SWEET MANGO: Getting Closer!

Getting closer to getting my greeting cards up in an online store! Just got really busy with client work and holidays... All good things...



I know I have been bad about posting to my blog lately, but I have been busy working on KMG's alter ego "SWEET MANGO". SWEET MANGO is my line of "yoga & holistic living" inspired greeting cards. I am happy to announce that the SWEET MANGO designs premiered at the YOGA VISTA fall Bazaar last weekend with great success! I don't have the online store for the cards up and running yet, but you can contact me directly if you are interested in purchasing any of them. NAMASTE and OM SHANTI - Kathy


KMG BRANDING: David Bacco Chocolatier

David Bacco Chocolatier, creator of exclusive artisanal and hand-crafted chocolates approached KMG to redesign their existing logo and to create new branding for their company. KMG updated their old logo using more contemporary and elegant fonts and reworked their existing mark to make more of an elegant statement. KMG also designed beautiful business cards, and packaging wraps for their boxes of chocolates and created patterns that could be used for wrapping product.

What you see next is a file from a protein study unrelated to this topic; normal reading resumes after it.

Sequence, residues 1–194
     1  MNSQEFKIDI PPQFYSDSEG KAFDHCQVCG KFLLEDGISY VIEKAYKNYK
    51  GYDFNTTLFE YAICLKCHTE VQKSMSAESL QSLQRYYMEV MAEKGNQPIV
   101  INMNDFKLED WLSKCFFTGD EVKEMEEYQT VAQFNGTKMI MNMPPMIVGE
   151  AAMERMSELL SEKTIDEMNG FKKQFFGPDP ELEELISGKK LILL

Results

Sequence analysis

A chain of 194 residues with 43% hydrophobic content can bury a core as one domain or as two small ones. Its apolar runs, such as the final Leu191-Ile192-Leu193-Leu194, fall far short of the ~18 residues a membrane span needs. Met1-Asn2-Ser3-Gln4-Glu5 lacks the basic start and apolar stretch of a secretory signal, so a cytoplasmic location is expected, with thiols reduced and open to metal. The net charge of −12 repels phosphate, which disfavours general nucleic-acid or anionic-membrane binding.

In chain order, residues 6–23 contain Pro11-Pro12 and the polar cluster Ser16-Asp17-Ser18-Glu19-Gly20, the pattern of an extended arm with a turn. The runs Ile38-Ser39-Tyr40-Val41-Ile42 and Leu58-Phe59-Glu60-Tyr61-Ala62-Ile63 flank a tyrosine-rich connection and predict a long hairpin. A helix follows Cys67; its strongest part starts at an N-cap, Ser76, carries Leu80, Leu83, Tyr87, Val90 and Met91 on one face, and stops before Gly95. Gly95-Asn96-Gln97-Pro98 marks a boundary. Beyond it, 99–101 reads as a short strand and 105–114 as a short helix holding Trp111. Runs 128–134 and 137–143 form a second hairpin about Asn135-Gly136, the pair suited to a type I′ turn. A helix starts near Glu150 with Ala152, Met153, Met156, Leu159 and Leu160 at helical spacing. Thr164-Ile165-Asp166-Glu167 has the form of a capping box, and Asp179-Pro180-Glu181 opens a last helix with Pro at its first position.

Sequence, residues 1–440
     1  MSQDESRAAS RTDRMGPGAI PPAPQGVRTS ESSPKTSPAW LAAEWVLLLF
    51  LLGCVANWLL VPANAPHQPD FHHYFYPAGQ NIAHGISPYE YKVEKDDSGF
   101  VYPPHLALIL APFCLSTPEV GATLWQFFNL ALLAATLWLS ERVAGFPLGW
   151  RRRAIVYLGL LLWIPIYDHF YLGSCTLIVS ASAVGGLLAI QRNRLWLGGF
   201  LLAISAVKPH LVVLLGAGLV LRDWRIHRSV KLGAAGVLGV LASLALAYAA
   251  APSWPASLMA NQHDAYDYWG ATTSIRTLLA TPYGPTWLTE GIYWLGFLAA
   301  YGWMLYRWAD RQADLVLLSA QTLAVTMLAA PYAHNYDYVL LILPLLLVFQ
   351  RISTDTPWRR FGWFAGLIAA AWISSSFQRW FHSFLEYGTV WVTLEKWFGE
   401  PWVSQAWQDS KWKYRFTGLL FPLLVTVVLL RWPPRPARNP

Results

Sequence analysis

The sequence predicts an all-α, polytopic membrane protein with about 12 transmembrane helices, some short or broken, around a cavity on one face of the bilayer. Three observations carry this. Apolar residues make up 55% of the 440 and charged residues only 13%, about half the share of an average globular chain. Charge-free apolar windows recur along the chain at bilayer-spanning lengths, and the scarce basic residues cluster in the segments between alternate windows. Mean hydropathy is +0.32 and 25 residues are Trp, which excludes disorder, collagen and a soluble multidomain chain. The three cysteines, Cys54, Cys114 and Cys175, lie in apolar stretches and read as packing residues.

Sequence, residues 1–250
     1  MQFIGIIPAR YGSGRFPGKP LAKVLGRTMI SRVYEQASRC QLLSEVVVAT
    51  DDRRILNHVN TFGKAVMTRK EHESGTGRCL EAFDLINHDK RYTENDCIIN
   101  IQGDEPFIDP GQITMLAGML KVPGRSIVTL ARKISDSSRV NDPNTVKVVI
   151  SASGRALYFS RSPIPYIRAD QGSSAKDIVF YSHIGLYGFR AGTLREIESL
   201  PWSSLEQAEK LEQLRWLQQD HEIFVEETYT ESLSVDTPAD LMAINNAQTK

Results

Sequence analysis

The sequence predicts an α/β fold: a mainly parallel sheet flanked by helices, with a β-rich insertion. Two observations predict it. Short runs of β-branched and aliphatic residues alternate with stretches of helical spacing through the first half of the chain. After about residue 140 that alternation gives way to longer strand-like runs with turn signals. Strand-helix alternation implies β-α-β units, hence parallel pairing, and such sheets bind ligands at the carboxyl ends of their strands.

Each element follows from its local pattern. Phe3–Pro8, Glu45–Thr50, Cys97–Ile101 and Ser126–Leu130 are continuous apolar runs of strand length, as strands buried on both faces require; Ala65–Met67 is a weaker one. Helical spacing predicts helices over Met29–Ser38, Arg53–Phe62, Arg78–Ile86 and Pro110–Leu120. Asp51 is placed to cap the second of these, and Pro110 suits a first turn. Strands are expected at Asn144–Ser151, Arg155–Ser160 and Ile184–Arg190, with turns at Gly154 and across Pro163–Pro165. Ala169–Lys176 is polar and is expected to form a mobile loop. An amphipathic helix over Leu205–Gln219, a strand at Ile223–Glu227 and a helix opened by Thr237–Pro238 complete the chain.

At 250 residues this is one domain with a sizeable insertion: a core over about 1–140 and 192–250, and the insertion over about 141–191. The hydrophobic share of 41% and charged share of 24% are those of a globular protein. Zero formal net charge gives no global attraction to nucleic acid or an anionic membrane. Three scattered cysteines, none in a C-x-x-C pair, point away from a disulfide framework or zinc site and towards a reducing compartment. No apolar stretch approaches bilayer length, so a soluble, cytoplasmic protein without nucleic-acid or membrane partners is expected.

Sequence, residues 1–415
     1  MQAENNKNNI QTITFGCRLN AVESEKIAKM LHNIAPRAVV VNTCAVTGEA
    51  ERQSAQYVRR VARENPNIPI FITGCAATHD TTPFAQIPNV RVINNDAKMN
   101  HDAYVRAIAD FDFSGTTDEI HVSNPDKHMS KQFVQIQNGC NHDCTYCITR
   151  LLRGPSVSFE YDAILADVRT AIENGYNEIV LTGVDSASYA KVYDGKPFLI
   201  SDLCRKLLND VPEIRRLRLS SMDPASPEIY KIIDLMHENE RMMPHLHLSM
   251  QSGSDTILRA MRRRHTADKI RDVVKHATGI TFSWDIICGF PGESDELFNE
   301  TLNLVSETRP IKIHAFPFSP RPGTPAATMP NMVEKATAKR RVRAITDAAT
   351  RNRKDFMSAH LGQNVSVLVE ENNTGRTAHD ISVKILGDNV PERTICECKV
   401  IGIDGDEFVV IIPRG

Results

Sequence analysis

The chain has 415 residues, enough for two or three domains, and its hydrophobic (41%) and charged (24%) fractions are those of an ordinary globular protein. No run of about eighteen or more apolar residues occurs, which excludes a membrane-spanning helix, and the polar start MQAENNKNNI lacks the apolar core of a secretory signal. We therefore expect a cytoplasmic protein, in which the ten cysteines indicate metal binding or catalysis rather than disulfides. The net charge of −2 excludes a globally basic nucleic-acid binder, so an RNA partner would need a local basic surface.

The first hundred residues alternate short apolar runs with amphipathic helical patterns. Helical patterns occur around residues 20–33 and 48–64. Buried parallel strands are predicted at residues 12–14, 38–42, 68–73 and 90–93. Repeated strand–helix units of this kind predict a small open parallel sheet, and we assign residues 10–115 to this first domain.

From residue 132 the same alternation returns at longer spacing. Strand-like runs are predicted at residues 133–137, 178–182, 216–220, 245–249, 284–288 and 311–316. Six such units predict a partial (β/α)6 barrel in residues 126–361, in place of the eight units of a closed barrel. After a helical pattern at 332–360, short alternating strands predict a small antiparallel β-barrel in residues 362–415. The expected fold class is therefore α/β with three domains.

Hundreds of websites run contests for everything from logos to brochures designs. All you have to do is write a description of what you want, post an amount you are willing to pay for it. An online company will then act as a go between you and designers. Designers from around the world submit their entries in the hope that their work will be chosen and they will win the money. If you select one of the designs as a winner, that specific designer, and only that designer, gets paid for their work. If no design is selected, no one gets compensated. This practice is now called 'crowdsourcing'.